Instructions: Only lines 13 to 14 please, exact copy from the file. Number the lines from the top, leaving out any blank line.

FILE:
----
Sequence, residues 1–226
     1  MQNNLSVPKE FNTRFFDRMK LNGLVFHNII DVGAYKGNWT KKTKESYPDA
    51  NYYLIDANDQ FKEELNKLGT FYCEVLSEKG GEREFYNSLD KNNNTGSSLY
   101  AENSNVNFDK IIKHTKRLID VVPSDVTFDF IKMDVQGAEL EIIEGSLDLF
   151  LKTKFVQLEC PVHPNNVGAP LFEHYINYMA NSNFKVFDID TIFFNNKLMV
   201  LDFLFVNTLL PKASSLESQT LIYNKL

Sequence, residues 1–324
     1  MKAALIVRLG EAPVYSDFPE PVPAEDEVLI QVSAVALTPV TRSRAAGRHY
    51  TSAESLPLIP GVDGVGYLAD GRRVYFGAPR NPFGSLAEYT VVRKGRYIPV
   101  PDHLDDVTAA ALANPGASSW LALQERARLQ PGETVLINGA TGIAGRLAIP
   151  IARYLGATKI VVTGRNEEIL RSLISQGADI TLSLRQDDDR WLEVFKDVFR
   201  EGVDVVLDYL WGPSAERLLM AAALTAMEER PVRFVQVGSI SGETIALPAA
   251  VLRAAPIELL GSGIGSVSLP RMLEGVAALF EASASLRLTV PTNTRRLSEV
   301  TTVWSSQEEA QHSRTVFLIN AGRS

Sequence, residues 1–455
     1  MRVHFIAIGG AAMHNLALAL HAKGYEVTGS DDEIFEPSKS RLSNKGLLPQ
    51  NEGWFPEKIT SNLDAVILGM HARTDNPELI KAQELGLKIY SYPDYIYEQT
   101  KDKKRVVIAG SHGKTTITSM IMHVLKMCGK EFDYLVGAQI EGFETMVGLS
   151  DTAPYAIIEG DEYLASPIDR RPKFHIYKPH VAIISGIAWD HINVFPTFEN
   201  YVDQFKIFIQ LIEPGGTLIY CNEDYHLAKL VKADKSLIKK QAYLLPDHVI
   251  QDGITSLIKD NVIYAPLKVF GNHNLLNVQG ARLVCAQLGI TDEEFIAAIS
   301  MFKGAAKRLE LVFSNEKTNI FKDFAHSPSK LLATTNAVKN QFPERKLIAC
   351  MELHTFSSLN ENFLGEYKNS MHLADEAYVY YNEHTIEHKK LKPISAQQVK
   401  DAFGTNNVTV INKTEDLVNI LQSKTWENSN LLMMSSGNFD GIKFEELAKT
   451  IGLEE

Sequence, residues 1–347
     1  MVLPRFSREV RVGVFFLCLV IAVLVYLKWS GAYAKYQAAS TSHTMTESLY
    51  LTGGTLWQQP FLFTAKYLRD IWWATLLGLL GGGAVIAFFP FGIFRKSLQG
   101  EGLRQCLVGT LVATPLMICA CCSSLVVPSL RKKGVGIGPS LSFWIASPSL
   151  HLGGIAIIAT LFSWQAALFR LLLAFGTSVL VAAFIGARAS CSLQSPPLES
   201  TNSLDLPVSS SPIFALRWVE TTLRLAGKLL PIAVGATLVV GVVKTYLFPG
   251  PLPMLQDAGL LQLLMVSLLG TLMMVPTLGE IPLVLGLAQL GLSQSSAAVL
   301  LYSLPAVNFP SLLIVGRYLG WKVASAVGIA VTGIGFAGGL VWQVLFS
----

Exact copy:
   251  VLRAAPIELL GSGIGSVSLP RMLEGVAALF EASASLRLTV PTNTRRLSEV
   301  TTVWSSQEEA QHSRTVFLIN AGRS